But in November the Legislature — both the Senate and the state House of Representatives — hired then-Congresswoman Colleen Hanabusa as its attorney in the case and sought to enter it as “a friend of the court.” Hanabusa, a fellow Democrat, is a former state Senate president.

The Legislature was already represented by the Attorney General’s office, since the lawsuit was filed against the state as a whole.

Bills That Went Nowhere

This is not the first time senators have objected to gut-and-replace.

In 2015, Riviere and Sens. Les Ihara and Donovan Dela Cruz introduced a bill requiring the Legislature to follow fundamental principles of the state’s Sunshine Law on open meetings. The bill, which was never heard, called for a 72-hour public notice for public hearings and that proposed amendments on a bill “be germane to the text to be amended.”

Ihara and Kim have introduced a similar bill this session.

Also in 2015, a constitutional amendment question was proposed to “ensure that no bill becomes law if the Legislature has so altered or amended the bill during its passage through either house that it no longer reflects its original purpose.”

The authors of the ConAm question — which was never heard — were Ihara, Kim, Harimoto, Riviere, Ruderman, Thielen and former Republican state Sen. Sam Slom.

‘Practice Born In Smoke-Filled Rooms’

It’s not just state senators trying to halt the controversial legislative practice of their colleagues.

On Friday, House Minority Leader Gene Ward issued a press release expressing disappointment in the court’s decision to uphold gut-and-replace. It said that the public can be assured that the five-member Minority Caucus “will stay in pursuit of a just outcome.”

“This decision will ultimately hurt the people of Hawaii,” Ward said in the press release. “It compromises transparency within the Legislature and gives a green light to this kind of shady dealing. Our citizens deserve to know exactly what a bill intends, and they have a right to be heard before our votes are cast.”

Rep Gene Ward and right Shirlene Ostrov at Charlie Kirk talk UH Manoa.

Rep. Gene Ward at a GOP talk at UH Manoa in 2018. He calls gut-and-replace a “kind of shady dealing.”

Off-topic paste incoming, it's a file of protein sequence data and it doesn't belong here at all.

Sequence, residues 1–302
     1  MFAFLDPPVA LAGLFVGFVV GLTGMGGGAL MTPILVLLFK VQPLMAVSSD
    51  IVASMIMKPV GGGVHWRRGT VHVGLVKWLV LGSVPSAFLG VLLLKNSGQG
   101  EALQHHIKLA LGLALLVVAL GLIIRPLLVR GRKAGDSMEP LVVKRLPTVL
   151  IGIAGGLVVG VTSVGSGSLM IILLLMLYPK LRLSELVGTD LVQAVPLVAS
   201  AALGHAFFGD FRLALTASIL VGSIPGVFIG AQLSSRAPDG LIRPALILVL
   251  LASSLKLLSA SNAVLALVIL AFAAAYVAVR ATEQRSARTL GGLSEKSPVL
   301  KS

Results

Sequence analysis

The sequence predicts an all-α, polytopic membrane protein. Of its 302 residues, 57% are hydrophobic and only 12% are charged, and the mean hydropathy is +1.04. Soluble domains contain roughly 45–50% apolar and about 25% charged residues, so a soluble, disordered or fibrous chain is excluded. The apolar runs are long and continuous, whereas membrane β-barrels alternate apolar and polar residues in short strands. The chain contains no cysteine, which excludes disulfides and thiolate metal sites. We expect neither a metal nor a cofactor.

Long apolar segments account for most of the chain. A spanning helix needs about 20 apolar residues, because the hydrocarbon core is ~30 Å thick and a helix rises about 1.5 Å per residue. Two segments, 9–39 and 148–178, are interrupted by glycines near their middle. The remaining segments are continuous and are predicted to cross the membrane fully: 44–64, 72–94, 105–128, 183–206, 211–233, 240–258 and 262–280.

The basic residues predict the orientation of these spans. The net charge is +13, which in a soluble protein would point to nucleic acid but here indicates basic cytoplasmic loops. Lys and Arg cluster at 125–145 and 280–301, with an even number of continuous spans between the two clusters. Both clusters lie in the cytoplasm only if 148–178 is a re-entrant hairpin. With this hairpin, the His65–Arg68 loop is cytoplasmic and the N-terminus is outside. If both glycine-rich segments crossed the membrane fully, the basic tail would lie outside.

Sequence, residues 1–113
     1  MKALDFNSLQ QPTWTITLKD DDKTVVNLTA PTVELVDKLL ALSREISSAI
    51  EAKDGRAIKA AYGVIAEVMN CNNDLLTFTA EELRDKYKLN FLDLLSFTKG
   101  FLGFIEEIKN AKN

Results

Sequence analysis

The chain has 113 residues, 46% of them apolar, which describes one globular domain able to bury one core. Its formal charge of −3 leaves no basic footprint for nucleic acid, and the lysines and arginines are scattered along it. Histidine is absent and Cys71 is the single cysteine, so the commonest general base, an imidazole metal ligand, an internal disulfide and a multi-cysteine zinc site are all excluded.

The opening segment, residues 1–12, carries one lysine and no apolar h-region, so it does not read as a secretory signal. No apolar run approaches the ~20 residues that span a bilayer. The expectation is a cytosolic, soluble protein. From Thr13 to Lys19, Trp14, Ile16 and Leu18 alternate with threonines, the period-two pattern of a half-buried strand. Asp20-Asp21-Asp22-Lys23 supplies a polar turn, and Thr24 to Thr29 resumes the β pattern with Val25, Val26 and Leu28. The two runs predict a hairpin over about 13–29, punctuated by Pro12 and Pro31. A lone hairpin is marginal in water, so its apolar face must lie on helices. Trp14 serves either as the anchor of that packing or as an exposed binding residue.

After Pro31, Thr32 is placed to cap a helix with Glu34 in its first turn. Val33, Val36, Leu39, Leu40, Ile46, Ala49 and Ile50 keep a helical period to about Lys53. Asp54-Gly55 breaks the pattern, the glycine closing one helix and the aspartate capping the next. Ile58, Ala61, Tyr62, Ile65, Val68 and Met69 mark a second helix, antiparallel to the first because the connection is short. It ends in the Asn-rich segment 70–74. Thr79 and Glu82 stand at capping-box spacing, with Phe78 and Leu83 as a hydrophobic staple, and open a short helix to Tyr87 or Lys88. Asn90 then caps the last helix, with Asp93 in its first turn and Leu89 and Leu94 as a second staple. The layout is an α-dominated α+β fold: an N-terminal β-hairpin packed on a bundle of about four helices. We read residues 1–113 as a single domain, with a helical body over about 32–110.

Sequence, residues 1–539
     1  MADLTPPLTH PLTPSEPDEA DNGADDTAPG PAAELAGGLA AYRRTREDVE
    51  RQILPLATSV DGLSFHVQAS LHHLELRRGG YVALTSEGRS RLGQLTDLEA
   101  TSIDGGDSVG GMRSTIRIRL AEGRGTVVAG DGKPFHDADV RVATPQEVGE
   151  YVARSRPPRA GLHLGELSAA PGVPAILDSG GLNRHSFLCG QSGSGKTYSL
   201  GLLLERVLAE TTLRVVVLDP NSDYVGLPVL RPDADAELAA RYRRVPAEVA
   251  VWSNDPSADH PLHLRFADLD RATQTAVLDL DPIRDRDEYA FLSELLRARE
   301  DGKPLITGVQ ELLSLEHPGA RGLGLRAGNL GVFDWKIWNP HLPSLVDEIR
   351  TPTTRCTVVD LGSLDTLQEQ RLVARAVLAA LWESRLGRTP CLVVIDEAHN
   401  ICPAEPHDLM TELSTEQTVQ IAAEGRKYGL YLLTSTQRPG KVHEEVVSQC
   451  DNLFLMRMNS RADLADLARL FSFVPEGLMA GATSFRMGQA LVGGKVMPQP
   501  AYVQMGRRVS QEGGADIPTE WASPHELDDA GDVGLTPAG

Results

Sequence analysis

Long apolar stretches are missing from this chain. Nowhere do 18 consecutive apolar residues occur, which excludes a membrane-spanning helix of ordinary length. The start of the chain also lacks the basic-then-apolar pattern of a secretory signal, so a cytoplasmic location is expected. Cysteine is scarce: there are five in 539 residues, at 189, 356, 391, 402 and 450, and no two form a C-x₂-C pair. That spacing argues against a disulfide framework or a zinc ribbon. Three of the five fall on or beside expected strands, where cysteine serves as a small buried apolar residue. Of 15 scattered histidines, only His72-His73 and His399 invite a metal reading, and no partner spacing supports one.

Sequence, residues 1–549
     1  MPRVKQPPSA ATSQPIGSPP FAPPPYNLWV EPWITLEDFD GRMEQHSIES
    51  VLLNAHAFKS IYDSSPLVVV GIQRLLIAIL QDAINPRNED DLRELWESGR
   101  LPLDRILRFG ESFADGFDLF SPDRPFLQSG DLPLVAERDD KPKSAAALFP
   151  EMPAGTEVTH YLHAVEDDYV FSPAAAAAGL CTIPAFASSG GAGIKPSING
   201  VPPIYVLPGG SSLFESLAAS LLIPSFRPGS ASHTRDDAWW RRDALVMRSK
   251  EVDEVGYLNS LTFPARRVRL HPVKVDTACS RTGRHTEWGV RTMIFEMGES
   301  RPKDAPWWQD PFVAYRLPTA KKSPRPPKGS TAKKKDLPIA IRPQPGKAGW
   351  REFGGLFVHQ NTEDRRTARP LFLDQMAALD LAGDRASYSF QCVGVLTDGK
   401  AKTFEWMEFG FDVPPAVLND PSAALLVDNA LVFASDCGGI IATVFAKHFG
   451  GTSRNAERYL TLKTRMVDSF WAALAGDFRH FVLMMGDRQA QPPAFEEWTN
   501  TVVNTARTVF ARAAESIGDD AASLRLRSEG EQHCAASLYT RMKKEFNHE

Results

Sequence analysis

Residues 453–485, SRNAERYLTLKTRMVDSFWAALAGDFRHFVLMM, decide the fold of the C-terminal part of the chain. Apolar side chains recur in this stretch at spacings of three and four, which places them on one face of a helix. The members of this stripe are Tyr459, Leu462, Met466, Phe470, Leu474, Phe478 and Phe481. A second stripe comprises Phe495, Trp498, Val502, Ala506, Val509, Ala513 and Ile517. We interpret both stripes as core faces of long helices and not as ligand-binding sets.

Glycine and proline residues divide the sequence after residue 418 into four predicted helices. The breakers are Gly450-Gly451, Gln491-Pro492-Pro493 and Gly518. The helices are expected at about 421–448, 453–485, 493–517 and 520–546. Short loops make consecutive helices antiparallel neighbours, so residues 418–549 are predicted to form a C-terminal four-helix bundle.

Cory Lum/Civil Beat

The press release called gut-and-replace a “fraudulent practice” that Ward said “legitimizes a practice born in smoke-filled rooms, out of the public’s eye and is an insult to the openness we brag about in the Hawaii State Legislature.”

Ward’s colleague, Lauren Matsumoto, said in the release, ”This reduces government accountability and leaves no room for the voices of the people of Hawaii. We need to build trust with the community, and gut-and-replace does the opposite.”

Speaker Scott Saiki said the only member of the 51-member House that objected to the filing of the amicus brief last fall was Ward.

“Our House rules require the speaker to give notice to members of the intent to retain counsel,” said Saiki, who added that House rules are “not that specific” in stating whether majority support is needed to intervene in legal matters.

More amicus briefs from the Legislature may be forthcoming.

Saiki and House Judiciary Chair Chris Lee are the authors of a bill this session that would allow the Legislature to have standing to “intervene in any court proceeding involving a claim based upon a constitutional or statutory provision.”

Saiki is also the author of another bill related to the Legislature and lawsuits. It says that the state attorney general “shall not represent the Legislature and individual legislators acting in their official capacity.”

The bill further requires “the respective house to provide legal representation for any member who is sued in the member’s official capacity unless the member declines such representation.”

Dec. 17, 2018, letter to Senate President Ron Kouchi: